Human Rights Watch
GAZIANTEP, Turkey — As the self-proclaimed Islamic State, or ISIS, commits horrendous videotaped executions, it might seem to pose the greatest threat to Syrian civilians. In fact, that ignoble distinction belongs to the barrel bombs being dropped by the military of Syria’s president, Bashar al-Assad. The Islamic State has distracted us from this deadly reality.
Barrel bombs are improvised weapons: oil drums or similar canisters filled with explosives and metal fragments. They are dropped without guidance from helicopters hovering just above antiaircraft range, typically hitting the ground with huge explosions and the widespread diffusion of deadly shrapnel. They pulverize neighborhoods, destroy entire buildings and leave broad strips of death and destruction.
The Syrian military has dropped barrel bombs, sometimes dozens in one day, on opposition-held neighborhoods in Aleppo, Idlib, Dara’a and other cities and towns. They have pulverized markets, schools, hospitals and countless residences. Syrians have described to me the sheer terror of waiting the 30 seconds or so for the barrel bomb to tumble to earth from a helicopter hovering overhead, not knowing until near the very end where its deadly point of impact will be.
From the start of the war, the Assad government has pursued a murderous policy toward Syrian citizens who happen to live in areas that have been seized by opposition armed groups. The apparent aim is to kill and terrorize civilians (and destroy civilian structures) so as to drive civilians from opposition-held areas and to send a warning of the misery that attends anyone whose neighborhood is taken by opposition groups. Mr. Assad is thus pursuing the “total war” strategy that the Geneva Conventions and the laws of war flatly prohibit and criminalize.
Beyond killing civilians, barrel bombs are playing a big part in forcing Syrians from their country. In most wars, civilians can find a modicum of safety by moving away from the front lines. But Mr. Assad’s indiscriminate use of barrel bombs deep in opposition-held territory means that for many there is no safe place to hide. That ugly reality has played a major part in persuading four million people to flee the country.
Yet the international community has made little effort to stop Mr. Assad’s barrel bombing of civilians. The two governments with the greatest potential to influence Mr. Assad — his principal backers, Russia and Iran — have refused to get him to stop. Western governments have been reluctant to exert strong public pressure on them because of other priorities — Ukraine, in the case of Russia, and the nuclear deal, in the case of Iran. The European Union is putting far more effort into stopping Syrian asylum seekers from reaching the Continent than addressing the root causes of their flight. The United States and Turkey recently announced a plan to make a 60-mile strip in northern Syria an “ISIS-free zone,” but the goal is to fight ISIS militants, not protect civilians.
In February 2014, the United Nations Security Council demanded an end to the “indiscriminate employment of weapons in populated areas, including shelling and aerial bombardment, such as the use of barrel bombs,” but it has not done much to stop it. Western governments are now proposing a new Security Council resolution that would have the United Nations monitor the use of barrel bombs and that hints at, though does not actually impose, sanctions should the barrel bombing continue.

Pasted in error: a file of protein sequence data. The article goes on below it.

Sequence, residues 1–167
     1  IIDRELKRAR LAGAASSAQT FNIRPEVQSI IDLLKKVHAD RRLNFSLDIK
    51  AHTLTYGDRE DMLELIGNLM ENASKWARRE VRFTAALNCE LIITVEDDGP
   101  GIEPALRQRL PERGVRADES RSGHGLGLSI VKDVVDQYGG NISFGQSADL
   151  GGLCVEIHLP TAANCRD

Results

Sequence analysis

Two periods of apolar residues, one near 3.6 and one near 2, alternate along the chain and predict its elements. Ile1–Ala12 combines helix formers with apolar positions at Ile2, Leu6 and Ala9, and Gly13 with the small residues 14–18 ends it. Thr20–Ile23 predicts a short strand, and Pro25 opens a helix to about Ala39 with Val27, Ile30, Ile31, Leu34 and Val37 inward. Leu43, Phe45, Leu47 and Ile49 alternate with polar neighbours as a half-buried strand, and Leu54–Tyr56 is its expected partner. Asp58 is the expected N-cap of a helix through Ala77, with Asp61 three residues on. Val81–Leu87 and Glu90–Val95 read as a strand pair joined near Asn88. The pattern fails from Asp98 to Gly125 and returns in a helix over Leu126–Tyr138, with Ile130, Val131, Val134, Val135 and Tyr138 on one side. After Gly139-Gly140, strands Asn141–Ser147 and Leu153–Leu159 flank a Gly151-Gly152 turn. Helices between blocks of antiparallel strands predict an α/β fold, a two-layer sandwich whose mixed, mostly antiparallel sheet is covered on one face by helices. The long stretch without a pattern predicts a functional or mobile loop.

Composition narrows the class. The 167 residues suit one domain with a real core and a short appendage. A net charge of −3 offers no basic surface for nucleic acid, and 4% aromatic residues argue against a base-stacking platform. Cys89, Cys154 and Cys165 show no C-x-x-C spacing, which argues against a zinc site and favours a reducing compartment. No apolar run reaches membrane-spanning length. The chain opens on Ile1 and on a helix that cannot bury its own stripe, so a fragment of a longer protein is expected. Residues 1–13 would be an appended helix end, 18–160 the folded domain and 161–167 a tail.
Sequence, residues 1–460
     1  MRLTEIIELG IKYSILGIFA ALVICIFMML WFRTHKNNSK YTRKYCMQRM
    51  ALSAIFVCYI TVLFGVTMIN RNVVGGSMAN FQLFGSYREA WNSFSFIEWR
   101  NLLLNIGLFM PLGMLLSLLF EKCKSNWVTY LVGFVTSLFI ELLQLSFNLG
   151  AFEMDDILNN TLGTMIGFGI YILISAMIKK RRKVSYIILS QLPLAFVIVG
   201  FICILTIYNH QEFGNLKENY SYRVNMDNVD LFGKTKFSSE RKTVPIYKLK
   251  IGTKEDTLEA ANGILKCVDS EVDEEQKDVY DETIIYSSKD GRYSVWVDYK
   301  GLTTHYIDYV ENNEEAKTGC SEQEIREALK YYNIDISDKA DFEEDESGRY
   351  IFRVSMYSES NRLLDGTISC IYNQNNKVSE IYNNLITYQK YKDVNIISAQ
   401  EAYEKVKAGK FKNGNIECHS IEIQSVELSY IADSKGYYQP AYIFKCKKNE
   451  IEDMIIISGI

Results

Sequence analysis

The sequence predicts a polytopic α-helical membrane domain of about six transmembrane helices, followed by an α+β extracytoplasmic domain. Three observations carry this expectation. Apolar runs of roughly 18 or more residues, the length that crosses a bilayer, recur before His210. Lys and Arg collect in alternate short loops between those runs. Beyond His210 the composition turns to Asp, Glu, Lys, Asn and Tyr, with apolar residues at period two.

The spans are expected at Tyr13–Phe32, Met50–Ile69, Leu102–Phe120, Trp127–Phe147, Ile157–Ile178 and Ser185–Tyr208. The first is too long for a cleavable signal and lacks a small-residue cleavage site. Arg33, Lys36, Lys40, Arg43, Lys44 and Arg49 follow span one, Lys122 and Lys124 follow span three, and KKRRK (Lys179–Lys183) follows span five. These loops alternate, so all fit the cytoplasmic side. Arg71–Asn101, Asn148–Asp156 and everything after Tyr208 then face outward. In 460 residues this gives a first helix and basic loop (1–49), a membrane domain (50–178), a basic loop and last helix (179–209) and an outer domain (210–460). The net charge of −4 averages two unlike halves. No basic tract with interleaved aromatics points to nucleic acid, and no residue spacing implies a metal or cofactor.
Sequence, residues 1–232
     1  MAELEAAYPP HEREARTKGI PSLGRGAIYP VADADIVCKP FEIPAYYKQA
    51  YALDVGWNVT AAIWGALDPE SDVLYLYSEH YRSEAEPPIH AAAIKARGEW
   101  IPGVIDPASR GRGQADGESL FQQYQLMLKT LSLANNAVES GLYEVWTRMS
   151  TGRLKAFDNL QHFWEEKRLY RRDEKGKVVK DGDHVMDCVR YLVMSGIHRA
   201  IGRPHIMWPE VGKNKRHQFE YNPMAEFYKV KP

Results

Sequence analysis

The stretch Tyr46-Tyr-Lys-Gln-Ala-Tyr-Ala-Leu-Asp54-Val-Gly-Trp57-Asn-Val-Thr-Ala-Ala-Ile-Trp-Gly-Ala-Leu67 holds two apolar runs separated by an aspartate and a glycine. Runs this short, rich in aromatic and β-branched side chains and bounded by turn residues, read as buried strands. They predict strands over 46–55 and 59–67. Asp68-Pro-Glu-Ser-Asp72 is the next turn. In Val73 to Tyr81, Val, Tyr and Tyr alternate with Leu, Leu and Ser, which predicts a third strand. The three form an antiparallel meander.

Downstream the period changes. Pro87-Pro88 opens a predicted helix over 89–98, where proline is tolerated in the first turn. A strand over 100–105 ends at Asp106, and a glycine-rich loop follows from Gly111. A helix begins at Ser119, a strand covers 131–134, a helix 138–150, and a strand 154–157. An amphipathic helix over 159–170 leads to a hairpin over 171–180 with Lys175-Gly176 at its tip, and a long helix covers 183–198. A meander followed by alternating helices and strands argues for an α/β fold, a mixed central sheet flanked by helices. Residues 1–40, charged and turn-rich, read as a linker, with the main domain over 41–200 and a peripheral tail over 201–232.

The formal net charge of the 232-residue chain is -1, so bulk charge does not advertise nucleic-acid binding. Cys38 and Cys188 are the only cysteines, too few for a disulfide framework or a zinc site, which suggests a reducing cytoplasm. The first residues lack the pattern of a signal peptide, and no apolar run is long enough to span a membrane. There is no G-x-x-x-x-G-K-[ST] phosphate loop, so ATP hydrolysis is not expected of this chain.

If Russia blocks further Security Council action, Western nations should start ratcheting up public pressure on Damascus for using this indiscriminate form of warfare and on Moscow and Tehran for backing it.
Because of Western reticence, too few people understand the extraordinary slaughter that the Syrian military is committing with its barrel bombs. Mr. Assad’s chlorine gas attacks, terrifying as they are, kill a tiny fraction of the barrel-bomb toll, though they have recently attracted more attention than the barrel bombs.
Western nations should also continue to collect evidence of Syrian war crimes, and if Russia persists in blocking the International Criminal Court from having jurisdiction to pursue war-crimes charges, an alternative tribunal should be found.
One reason for soft-pedaling is a fear that ending the barrel-bomb attacks might undermine Mr. Assad’s ability to cling to power, and thus facilitate an Islamic State takeover. But barrel bombs are so imprecise that the Syrian military does not usually drop them near the front lines, for fear of hitting its own troops. They are useful mainly for pummeling civilian neighborhoods.
That is one reason residents of opposition-held parts of Aleppo told me that, unlike in almost any other war, some civilians have — astonishingly — moved closer to the front lines, preferring to brave the more predictable artillery and snipers than the barrel bombs’ random death from the sky.
The failure to address the barrel bombs arguably helps extremist groups like the Nusra Front and the Islamic State, which recruit Syrian members by presenting themselves as the most powerful military force to counter Mr. Assad’s government’s atrocities.
President Obama has reportedly been reluctant to act too decisively in Syria for fear that he might then “own” the country and the chaotic mess it has become. But firmer pressure on Syria, Russia and Iran to stop the barrel bombs wouldn’t make the United States responsible for anything other than fewer civilians dead, injured and displaced.
Some say that, rather than targeting a particularly monstrous weapons system, the best way to end the barrel bombs is to make peace. That is a laudable goal, but few believe a negotiated solution to the Syrian crisis is anywhere near. In the meantime, virtually all the Syrians I have spoken with agree that stopping Mr. Assad’s barrel bombs is probably the single most urgent task to reduce their suffering now.